IPv4 uses 32-bit numbers that combine a network and a host address. IP addresses are written in four dotted decimal fields. Each number represents a byte (meaning 192 would be a byte cause in decimal its actually made up of 8 bits). The far left bits are the network address because all hosts on this network have addresses that start with that pattern, the right bits are host addresses and each host has a different value.
IP Addresses are composed of four bytes (8 bits) and in networking binary works one bit at a time from 0000 0000 to 1111 1111 (0 to 2555) IRL networking that’s what you need to know (test are different cause they ask more than just 255). This is a CCNA topic and I filled note pads with examples just to be able to get it as natural as quick as possible, after a while you start remembering 1010 1100 (172) and 1100 0000 (192). The old CCNA Prep Centre (now Cisco Learning Network) had a Java based game to get this into your head where you had to convert Binary to Decimal against the clock. Helped me because its repetition, repetition, repetition.
The above network address (192.168.16.2) at the top of the post starts with 192.xxx.xxx.xxx if you didnt have this table to the right here are the steps to find out which network it belongs to.
Step 1: Converting the first byte to binary 1100 0000 (192).
Step 2: You take the first 4 bits and compare them to what you know:
This means that the address is a Class C address.
This is something that you must just know, get to know the first column and associate that column with the Class on the table above and then the you can figure out the range easily enough (if you are good with memorizing tables just memorize the bits, range and class).
Network Range by Subnet Masks
Subnetting is when you take the assigned network and break it into smaller pieces this can be useful to conserve IP address space (or when I was doing the CCNA I did this to practice on my office network). The book I am using (Brent D. Stewart, CCNP BSCI Official Exam Certification Guide; Fourth Ed.) uses a Truth Table for AND that is really easy to use and master.
Another method would be to use a table, its also not rocket science but means that you don’t actually know how to do this on the fly.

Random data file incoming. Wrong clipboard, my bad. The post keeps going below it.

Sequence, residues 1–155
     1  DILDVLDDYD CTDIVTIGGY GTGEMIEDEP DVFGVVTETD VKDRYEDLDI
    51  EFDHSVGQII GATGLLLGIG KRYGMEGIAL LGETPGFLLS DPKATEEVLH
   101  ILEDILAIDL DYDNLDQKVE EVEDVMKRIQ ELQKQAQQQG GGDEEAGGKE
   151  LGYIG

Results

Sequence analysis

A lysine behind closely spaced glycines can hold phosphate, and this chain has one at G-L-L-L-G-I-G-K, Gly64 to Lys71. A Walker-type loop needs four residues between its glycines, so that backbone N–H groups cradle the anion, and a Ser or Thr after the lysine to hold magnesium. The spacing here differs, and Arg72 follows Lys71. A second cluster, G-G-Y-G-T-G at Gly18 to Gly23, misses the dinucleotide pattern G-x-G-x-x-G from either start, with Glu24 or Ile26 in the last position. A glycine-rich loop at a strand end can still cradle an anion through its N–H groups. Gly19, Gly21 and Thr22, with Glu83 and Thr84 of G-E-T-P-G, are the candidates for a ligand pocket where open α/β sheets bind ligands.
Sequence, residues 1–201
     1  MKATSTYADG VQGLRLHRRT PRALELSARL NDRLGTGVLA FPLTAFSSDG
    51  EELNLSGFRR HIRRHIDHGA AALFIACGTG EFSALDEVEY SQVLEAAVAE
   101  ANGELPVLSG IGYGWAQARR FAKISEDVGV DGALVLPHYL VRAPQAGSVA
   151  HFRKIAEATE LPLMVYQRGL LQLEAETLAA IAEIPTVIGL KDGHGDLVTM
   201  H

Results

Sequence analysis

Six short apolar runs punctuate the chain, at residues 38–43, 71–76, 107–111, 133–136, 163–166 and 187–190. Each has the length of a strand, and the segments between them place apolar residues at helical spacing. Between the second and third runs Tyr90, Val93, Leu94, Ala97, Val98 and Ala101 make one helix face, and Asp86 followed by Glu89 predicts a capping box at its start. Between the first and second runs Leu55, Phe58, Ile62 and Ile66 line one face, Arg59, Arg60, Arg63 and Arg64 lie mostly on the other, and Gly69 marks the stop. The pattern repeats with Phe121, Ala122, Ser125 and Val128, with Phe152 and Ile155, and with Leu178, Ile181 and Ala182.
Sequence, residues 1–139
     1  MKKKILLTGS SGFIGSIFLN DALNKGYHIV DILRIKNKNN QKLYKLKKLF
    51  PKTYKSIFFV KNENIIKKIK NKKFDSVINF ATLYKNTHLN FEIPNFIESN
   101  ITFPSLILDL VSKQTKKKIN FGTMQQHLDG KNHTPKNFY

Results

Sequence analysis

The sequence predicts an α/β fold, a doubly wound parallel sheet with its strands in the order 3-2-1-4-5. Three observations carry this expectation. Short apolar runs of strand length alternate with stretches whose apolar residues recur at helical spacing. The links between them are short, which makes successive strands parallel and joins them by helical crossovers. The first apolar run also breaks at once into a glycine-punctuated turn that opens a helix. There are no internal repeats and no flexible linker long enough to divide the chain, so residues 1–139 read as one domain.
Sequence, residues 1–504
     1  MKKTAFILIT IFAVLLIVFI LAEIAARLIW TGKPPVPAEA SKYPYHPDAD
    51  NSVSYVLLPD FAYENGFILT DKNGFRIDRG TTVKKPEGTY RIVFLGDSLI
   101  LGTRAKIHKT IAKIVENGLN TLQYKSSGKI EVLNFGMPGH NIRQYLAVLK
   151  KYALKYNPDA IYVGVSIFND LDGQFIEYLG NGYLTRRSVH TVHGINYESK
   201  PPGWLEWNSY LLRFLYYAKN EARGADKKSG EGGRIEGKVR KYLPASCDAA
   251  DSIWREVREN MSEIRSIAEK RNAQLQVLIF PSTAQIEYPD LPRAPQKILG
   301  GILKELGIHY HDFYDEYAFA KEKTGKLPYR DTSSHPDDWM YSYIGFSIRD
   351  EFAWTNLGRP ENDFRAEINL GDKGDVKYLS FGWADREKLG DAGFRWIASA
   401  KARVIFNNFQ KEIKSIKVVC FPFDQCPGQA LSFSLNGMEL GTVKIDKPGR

Moving along lets use the AND method and an example. What network does PC 3 belong to with the IP 192.168.5.100 and the subnet mask 255.255.255.224 and what are the usable addresses on this network.
STEP 1: If the mask is given in decimal notation, convert it to CIDR notation (maybe a long way but you going to need the binary in a second anyway).
STEP 2: To determine the network address of the IP address, copy the network bits from the address as shown by the CIDR notation. Fill in the remaining bits with zeros.
STEP 3: The last Address in the range is the broadcast address. To find this out do the following:
STEP 4: The usable network addresses fall between STEP 2 and STEP 3.
STEP 5:To check this subtract the CIDR notation from 32 that’s 32 – 27 (not the other way around cause you going to get a negative number). To determine the “amount” of addresses then plug it into this formula 2n-2 (n = number of host bits).
Resources for Subnet Mask and Classes: Internetworking Technology Handbook IP Address Classes
Summarization (route summarization) is a technique used to group IP networks together to minimize IP advertisements. Doing this allows one to hide unimportant details (flapping links) and to simplify the routing process (make better use of router CPU and memory than to process and store routing information). One of the keys to scalable routing is to take large complicated sets of advertisements and reduce them as much as possible (think internet).
Step 1: Write each network in binary
Step 3: If step 2 unacceptably over-summarizes, start from the first address and add bits to the prefix until a portion of the range is summarizes. Take the remaining addresses and start this process again.
Step 4: Write each network in binary
Step 5: Determine the number of bits that match.
Step 6: Because step 2 did not over-summarize, the process is complete. Answer is 192.168.0.0/21 and 192.168.0.0/23
Summarization is not possible if network numbers are randomly assigned within an organization. When designing a network it is important to keep in mind the requirements for summarization.
Notes and Notices:
This is a part of my personal BSCI notes and research to assist myself in learning and understanding the concepts and theory for the BSCI exam. I learn by making notes reading and writing things down and wish to file them where I can’t lose them. These notes are not to be seen, judged or mistaken for replacements to Cisco recognized and authorized training which I personally support and attend and suggest you undertake if you are going for the BSCI Certification.